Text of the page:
Veolia debuts new fleet of CNG powered trucks
Veolia ES Solid Waste, Inc., the solid waste division of Veolia Environmental Services North America (VESNA), announced the introduction of Indiana’s first fleet of compressed natural gas (CNG) powered refuse trucks to its Evansville, Indiana service area. A ceremony attended by Mayor Lloyd Winnecke, Veolia executives and members of the Evansville community was held at the Veolia ES Solid Waste – Evansville location to celebrate the company’s new fleet and CNG fueling station.
Indiana-based manufacturer Autocar built the chassis for 20 of the trucks and Kenworth manufactured eight roll-off trucks for Veolia’s new fleet. All will service over 24,000 residential and commercial customers across Vanderburgh, Warrick, Gibson, Posey, Spencer and Henderson counties in the greater Evansville area. Customers will notice the new trucks run approximately 15 percent (8 to 10 decibels) quieter than trucks powered with diesel engines. The trucks also come equipped with automated collection systems that increase efficiency, protect the health and safety of drivers, prolong the life of the truck and further reduce emissions.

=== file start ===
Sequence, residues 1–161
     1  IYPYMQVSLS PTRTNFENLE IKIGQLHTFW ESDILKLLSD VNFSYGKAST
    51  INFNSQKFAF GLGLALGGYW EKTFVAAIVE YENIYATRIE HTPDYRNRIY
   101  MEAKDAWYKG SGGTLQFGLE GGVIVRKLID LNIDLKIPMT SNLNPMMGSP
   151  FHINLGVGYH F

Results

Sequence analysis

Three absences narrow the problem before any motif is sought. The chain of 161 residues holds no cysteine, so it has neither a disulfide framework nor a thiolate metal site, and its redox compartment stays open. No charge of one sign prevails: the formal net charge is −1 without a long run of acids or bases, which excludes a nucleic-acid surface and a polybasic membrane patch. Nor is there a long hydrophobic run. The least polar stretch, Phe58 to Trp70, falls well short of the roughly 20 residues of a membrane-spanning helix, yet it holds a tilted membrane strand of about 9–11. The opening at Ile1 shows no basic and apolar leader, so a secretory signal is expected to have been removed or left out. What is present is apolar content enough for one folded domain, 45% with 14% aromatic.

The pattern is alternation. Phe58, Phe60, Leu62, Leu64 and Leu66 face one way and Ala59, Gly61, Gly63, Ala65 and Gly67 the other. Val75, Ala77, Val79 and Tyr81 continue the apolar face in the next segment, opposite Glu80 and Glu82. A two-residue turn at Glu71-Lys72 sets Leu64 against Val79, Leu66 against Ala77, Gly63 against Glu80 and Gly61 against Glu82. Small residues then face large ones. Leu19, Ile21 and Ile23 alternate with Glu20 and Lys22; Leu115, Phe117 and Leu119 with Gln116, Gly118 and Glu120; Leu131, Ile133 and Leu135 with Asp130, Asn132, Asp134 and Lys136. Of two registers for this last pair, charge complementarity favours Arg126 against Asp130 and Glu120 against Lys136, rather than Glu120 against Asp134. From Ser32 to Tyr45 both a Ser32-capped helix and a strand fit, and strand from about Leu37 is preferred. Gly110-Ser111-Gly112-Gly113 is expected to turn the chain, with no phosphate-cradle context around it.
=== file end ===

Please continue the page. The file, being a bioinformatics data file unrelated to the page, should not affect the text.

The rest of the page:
The CNG fueling station in Evansville utilizes time-fill fueling technology that allows drivers to fuel their trucks during overnight hours, minimizing administrative and operational downtime. In addition, Veolia recently received a $500,000 Clean Cities grant to support its investment in a new CNG fleet. The grant is supported by federal funds through the Indiana Office of Energy Development in support of the Alternative Fuel Vehicles (AFV) program.
CNG is one of the cleanest and most socially responsible alternative fuels available today, making the benefits of CNG from both an environmental and economic standpoint hard to ignore. Over 98 percent of CNG fuel resources are located in North America, which means there is a reduced carbon footprint associated with mining the resources and transporting the fuel to domestic locations as compared to foreign oil and offshore drilling. CNG also produces 29 percent less carbon dioxide than oil and is 90 percent cleaner than diesel in its natural state, thus reducing the trucks’ overall operating impact on the environment.
As of 2012, Veolia operates 4 CNG fueling stations and over 100 CNG-powered refuse collection and support vehicles in North America.